Domino Isn’t De Palma’s Worst, but It’s Close

By Kenny Hedges

The opening minutes of Brian De Palma’s Domino consist of cop Nicolaj Coster-Waldau and partner Lars (Søren Mallin) muttering and squabbling over the cleanliness of their car in soft mutters like an old married couple. It’s a nice touch, expressing a lived-in partnership that has become so familiar, they just lovingly irritate each other. It’s very nearly out of an Altman film, until you realize that their unfocused mutterings and overlapping dialogue is actually more indicative of a film that can’t quite grasp its own material.

After Lars is murdered by a terrorist Ezra Tarzi (Eriq Ebouaney) during a standard domestic call, Coster-Waldau is dead set on bringing him to justice. His investigation, however, is continually hampered by Guy Pearce’s CIA agent, who sees the value in using Tarzi as a source to hunt down other ISIS fighters. Matters get complicated, affairs and secrets are unveiled, all in the most rote way imaginable.

There were rumblings behind-the-scenes conflict from the moment cameras began rolling, with extensive cuts to the plot and rewrites occurring. It got so bad that De Palma, when finished, vowed to never work in Denmark again. And his weariness, perhaps due to working on a project that feels very much like a hatchet job, is evident from the first frame. He doesn’t care, so why should we?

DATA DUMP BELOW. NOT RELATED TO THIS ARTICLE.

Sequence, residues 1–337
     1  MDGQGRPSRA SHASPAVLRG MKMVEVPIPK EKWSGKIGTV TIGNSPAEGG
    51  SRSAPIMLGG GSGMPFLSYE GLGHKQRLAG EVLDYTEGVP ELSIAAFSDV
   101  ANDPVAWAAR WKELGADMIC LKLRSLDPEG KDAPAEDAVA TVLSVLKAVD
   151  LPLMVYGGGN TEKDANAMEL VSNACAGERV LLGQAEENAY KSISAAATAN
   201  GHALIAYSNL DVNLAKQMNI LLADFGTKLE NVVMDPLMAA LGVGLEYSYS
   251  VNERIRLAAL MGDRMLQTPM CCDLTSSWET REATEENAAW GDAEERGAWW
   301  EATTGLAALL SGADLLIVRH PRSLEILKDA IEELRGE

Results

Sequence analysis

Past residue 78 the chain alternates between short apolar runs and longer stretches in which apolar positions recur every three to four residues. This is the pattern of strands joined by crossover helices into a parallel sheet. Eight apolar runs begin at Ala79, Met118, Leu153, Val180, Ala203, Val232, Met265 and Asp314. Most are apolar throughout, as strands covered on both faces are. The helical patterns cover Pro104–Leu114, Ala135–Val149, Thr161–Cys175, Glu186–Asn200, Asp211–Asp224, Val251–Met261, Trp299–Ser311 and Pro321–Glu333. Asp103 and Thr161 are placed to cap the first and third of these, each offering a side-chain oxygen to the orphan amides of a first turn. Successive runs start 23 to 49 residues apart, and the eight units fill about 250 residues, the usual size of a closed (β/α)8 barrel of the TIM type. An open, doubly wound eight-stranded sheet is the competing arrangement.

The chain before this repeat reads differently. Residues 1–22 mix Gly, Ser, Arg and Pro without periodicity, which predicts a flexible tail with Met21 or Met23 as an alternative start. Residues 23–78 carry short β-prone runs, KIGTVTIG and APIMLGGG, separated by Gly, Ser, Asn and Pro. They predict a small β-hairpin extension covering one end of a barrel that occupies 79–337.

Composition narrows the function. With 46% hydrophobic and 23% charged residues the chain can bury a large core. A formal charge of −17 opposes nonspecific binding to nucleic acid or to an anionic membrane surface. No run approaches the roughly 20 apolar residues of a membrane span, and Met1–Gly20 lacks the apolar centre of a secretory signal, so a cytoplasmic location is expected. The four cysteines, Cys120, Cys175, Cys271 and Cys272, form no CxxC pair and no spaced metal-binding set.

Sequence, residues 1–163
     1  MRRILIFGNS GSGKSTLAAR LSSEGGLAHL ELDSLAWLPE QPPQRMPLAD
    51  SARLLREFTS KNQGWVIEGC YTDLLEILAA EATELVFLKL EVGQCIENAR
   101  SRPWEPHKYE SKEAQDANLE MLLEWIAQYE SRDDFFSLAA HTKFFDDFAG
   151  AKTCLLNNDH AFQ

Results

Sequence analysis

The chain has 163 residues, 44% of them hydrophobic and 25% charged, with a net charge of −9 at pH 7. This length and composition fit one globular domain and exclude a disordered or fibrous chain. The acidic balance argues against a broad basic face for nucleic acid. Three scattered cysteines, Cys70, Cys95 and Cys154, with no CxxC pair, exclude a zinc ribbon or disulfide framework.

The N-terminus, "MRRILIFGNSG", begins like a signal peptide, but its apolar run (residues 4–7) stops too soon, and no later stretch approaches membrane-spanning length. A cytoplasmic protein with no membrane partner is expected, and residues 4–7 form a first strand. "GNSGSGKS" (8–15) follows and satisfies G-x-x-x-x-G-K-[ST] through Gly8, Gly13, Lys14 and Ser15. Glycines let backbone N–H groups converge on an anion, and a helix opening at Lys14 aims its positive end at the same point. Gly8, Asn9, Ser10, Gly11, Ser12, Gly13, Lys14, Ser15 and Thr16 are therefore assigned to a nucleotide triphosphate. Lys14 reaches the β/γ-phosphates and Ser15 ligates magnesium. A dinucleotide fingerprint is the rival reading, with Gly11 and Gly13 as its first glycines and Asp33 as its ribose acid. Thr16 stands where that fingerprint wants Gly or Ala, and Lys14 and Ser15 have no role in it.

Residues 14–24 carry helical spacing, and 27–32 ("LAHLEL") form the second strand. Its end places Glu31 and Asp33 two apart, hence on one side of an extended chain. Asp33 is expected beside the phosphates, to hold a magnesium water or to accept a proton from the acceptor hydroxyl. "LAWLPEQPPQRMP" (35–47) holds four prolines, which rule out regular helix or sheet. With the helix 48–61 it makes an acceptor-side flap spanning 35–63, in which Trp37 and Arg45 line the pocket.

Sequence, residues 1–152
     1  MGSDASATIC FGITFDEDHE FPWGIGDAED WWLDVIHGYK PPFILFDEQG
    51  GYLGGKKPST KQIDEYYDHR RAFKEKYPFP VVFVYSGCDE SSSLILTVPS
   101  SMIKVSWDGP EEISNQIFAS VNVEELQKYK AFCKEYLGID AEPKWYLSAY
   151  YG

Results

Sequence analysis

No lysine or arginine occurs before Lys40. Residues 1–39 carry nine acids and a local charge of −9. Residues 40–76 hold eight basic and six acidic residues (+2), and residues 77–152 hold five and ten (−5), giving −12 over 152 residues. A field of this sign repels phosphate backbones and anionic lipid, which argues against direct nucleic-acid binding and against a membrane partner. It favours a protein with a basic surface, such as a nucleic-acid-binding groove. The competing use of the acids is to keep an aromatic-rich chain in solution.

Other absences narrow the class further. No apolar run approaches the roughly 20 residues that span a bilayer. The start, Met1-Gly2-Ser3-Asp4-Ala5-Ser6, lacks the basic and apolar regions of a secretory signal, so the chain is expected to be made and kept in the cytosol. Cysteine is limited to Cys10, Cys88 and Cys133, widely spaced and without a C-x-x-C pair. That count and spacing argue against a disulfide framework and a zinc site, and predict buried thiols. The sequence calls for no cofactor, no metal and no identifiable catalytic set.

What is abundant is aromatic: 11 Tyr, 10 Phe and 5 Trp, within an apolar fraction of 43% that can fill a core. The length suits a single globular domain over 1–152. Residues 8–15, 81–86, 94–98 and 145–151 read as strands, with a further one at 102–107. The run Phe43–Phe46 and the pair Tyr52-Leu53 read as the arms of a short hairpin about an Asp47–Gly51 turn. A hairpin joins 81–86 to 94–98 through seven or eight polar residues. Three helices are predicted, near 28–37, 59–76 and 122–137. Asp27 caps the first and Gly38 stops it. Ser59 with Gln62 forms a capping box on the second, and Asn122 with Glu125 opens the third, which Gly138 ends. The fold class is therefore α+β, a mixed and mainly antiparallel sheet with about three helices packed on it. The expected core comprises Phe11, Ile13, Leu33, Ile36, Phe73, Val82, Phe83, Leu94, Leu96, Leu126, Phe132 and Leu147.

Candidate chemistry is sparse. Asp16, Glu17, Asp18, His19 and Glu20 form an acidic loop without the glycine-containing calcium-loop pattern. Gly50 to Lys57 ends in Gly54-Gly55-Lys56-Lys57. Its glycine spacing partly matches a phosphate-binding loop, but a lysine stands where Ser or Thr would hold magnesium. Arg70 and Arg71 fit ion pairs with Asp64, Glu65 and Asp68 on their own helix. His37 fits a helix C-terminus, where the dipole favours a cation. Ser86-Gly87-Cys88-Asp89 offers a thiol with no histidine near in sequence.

It feels less like a finished film and more like a rushed homework assignment.

When one watches a De Palma film, there are certain aspects guaranteed, despite the overall quality of the picture. You’re at least going to be treated to some visually dazzling setpieces and resoundingly creepy and appropriate themes of voyuerism. Even his lesser works manage to be technically clever. Most of his trademarks are in place, and when they do make an appearance, they’re easily the best sequences of the film. But they all feel uncharateristically unearned. A fight scene with Coster-Waldau and some street dealers has De Palma at a distance, sitting back to just let it unfold rather than participate.

He’s even guilty of repeating himself. He unwisely revisits one of his more famous recent setpieces during a shootout at a film festival (like the opening heist in Femme Fatale), with diminishing returns.

If anyone is having fun, it’s Pearce, shedding his Aussie accent for a weird Mathew McConnaughey impression. The rest of the cast fares worse, with Coster-Waldau being particularly wooden.

It’s not that De Palma is out of his element, here. He’s essentially covering territory he so masterfully orchestrated with the globe-trotting Mission: Impossible and the clandestine Snake Eyes, albeit with a technological upgrade. Which makes it all the more insulting to his legacy that Domino is as inept as it is. Modern technology doesn’t seem to interest the filmmaker; give him a pair of binoculars, a bomb and a few pistols and he’s right at home. He also adds nothing to the conversation on the war on terror – a topic he once tackled, somewhat sloppily, with Redacted. In fact, Domino negates any poignancy that film may have had by casually showing a brutal decapitation like it ain’t no thing.

It may not be De Palma’s worst effort, but it’s close, and you can’t help but not place the fault entirely at his feet. Given the behind-the-scenes drama, it’s a wonder there’s a coherent film here at all.

It’s just a very flat one.